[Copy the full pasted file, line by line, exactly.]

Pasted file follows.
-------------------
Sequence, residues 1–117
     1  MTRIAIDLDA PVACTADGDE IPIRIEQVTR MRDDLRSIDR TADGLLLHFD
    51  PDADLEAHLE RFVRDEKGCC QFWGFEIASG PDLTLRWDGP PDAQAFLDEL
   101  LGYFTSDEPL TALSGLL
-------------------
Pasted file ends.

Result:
Sequence, residues 1–117
     1  MTRIAIDLDA PVACTADGDE IPIRIEQVTR MRDDLRSIDR TADGLLLHFD
    51  PDADLEAHLE RFVRDEKGCC QFWGFEIASG PDLTLRWDGP PDAQAFLDEL
   101  LGYFTSDEPL TALSGLL